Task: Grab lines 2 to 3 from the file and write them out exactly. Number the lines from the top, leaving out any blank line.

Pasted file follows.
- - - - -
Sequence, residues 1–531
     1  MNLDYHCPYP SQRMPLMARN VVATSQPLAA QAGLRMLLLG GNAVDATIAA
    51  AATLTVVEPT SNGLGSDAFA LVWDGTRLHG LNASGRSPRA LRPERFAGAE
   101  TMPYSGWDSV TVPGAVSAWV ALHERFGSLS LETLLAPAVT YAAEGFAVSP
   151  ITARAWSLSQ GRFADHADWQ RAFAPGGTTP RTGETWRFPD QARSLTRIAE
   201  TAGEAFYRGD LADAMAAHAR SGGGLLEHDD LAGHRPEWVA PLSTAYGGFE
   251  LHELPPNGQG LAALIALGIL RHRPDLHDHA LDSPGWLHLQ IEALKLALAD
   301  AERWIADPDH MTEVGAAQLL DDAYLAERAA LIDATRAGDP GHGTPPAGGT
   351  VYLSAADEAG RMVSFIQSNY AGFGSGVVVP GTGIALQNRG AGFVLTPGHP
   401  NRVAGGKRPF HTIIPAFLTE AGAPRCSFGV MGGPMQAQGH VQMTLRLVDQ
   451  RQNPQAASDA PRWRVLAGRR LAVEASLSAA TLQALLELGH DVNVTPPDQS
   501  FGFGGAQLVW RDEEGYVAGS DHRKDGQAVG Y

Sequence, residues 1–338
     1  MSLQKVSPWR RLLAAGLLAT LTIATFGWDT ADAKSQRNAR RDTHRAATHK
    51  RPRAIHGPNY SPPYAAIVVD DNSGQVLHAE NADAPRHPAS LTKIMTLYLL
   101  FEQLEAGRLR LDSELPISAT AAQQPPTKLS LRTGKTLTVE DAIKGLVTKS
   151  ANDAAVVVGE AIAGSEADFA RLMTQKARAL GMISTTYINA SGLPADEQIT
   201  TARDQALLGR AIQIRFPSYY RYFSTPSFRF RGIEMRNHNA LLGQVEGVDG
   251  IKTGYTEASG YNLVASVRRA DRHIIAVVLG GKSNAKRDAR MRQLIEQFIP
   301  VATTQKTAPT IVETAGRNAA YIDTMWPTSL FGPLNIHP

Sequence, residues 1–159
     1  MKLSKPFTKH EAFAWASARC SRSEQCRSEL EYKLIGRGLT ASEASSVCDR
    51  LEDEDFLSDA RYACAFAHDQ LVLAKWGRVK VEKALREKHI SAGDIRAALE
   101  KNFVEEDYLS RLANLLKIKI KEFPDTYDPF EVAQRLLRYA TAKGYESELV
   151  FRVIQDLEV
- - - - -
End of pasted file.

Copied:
     1  MNLDYHCPYP SQRMPLMARN VVATSQPLAA QAGLRMLLLG GNAVDATIAA
    51  AATLTVVEPT SNGLGSDAFA LVWDGTRLHG LNASGRSPRA LRPERFAGAE